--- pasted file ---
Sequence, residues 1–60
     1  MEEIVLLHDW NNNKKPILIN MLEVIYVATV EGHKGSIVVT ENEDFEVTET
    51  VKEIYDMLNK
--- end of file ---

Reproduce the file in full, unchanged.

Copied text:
Sequence, residues 1–60
     1  MEEIVLLHDW NNNKKPILIN MLEVIYVATV EGHKGSIVVT ENEDFEVTET
    51  VKEIYDMLNK